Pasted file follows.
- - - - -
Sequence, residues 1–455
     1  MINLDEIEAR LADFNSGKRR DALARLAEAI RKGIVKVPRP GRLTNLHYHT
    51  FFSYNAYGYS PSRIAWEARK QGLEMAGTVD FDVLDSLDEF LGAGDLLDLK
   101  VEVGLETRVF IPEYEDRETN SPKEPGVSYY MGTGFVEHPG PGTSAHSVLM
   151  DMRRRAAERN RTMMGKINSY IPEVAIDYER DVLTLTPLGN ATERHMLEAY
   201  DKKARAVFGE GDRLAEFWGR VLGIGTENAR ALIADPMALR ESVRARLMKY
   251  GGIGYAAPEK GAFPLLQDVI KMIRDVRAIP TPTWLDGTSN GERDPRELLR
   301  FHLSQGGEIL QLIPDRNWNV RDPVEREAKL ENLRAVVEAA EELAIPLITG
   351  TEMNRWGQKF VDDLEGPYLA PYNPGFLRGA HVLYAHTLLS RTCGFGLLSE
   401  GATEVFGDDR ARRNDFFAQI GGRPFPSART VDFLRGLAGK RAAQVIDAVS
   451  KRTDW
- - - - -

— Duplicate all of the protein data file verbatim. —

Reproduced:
Sequence, residues 1–455
     1  MINLDEIEAR LADFNSGKRR DALARLAEAI RKGIVKVPRP GRLTNLHYHT
    51  FFSYNAYGYS PSRIAWEARK QGLEMAGTVD FDVLDSLDEF LGAGDLLDLK
   101  VEVGLETRVF IPEYEDRETN SPKEPGVSYY MGTGFVEHPG PGTSAHSVLM
   151  DMRRRAAERN RTMMGKINSY IPEVAIDYER DVLTLTPLGN ATERHMLEAY
   201  DKKARAVFGE GDRLAEFWGR VLGIGTENAR ALIADPMALR ESVRARLMKY
   251  GGIGYAAPEK GAFPLLQDVI KMIRDVRAIP TPTWLDGTSN GERDPRELLR
   301  FHLSQGGEIL QLIPDRNWNV RDPVEREAKL ENLRAVVEAA EELAIPLITG
   351  TEMNRWGQKF VDDLEGPYLA PYNPGFLRGA HVLYAHTLLS RTCGFGLLSE
   401  GATEVFGDDR ARRNDFFAQI GGRPFPSART VDFLRGLAGK RAAQVIDAVS
   451  KRTDW